There’s a newish book out called BURN, all about the science of metabolism. As a personal trainer and nutrition coach I had to read it. (This is not an advertisement, I swear.) What blew my mind is that the author found that we actually do not burn more calories at the end of the day from exercise. Crazy, right?
How it works is, your body will suppress energy output (calories burned) from its other systems when you work out, so that at the end of the day you will still burn roughly the same amount of calories from day to day.
The good news is that you can finally ditch that cardio! Heh heh. The bad news is that the only way to lose weight is to eat less than you burn. Period. But this is actually good news too. Because it's ridiculously simple. Not easy, but not complicated either.
Here's what you can do—
Find out your BMR. find a BMR calculator online and plug in your info. You will burn more calories per day since you do move, and there are caloric needs calculators too… but there is a ceiling. Your body just won’t burn more than a certain number of calories a day. So if you think this is all bullshit, and you choose to exercise like a crazy person 24/7, then your body will not have the resources to operate its other systems. You will get sick. Or injured. Or depressed. You might lose your reproductive health, etc.
For me, I burn about 1200 calories a day doing nothing, and no more than 2000-ish a day moving around at my "moderately active" pace. (I always choose moderately active from those drop-down menus.) To lose weight realistically, I subtract only a few hundred calories and so I aim to eat 1700 calories a day, prioritizing protein and unprocessed food. I also strength train in order to create more lean mass. And because I love it.
Quick exercise note: working out might not help you lose fat but according to the author, it will help you know when you've eaten enough. It will help regulate your appetite and satiety cues. If you've ever wondered why you tend to eat better, or less on the days you exercise, it's this. Laying around all day can actually find you eating more, not because you're bored out of your mind, but because your satiety cues are not working properly. Of course there are a whole bunch of other reasons exercise is good for you but that's a post for another day.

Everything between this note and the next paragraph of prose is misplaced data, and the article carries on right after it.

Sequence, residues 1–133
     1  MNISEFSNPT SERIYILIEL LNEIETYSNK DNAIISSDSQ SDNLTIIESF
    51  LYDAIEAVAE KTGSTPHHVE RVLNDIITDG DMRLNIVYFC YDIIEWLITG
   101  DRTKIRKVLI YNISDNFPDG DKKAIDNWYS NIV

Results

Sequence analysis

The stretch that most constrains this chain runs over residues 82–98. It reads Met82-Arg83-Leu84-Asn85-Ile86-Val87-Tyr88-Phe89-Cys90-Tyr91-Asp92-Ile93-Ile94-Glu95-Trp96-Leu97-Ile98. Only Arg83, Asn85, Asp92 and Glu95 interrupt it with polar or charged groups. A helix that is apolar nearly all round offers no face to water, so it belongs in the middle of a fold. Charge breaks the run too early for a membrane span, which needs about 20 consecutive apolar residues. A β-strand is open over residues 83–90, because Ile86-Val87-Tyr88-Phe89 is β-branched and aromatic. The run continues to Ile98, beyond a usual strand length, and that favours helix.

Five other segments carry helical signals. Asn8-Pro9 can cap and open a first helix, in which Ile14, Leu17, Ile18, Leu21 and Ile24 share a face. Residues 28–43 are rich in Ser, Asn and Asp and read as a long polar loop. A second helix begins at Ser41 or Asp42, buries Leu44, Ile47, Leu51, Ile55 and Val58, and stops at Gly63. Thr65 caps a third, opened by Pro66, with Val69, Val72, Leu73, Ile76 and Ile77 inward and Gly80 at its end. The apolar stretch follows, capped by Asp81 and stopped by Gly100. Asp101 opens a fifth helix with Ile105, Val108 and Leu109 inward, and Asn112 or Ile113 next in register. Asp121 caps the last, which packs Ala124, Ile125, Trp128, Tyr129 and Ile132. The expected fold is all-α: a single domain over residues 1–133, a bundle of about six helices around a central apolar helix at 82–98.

Oh, one more thing. Notice that I said I prioritize protein and unprocessed foods. This is not just because protein helps me build muscle mass as a strength athlete, or because unprocessed foods are healthier, but because in terms of fat loss, both are satiating. Processed foods like fast food and boxed snacks are designed to be overeaten and to bypass our satiety cues. Let's face facts—cutting calories is hard. Humans evolved to store fat for those times when food is scarce. Our big smart brains depend on lots of calories, and hunger is not something easily conquered with "mindset" and "willpower." We need all the help we can get.
Okay, back to calories (or kilocalories as the author points out is the correct term). It took me years of experimenting to learn that 1700 is my magic number. It's a comfortable number. Any fewer calories and I inevitably binge, or quit, or both. Any more calories, and the scale won't budge.
If you're still thinking this is bullshit, because Michael Phelps, then you just have to read the book. Pontzer dives into that whole complicated stew and makes sense of it.
At the end of the day, there is no one diet that magically works. Veganism, paleo, intermittent fasting, cabbage soup, grapefruit and cleanses can all take a hike. The ONLY thing that works is steady, consistent, and TOLERABLE caloric restriction.
Experience has taught me that when you start out, be conservative. Because after a few months, you might plateau and will need to cut more calories. So make sure you leave room to cut more when the time comes. For now, choose a realistic, SANE amount of calories based on your needs, and go for it. You're looking to drop about a pound a week. Be consistent. Be kind to yourself. And be patient.
Hope this helps!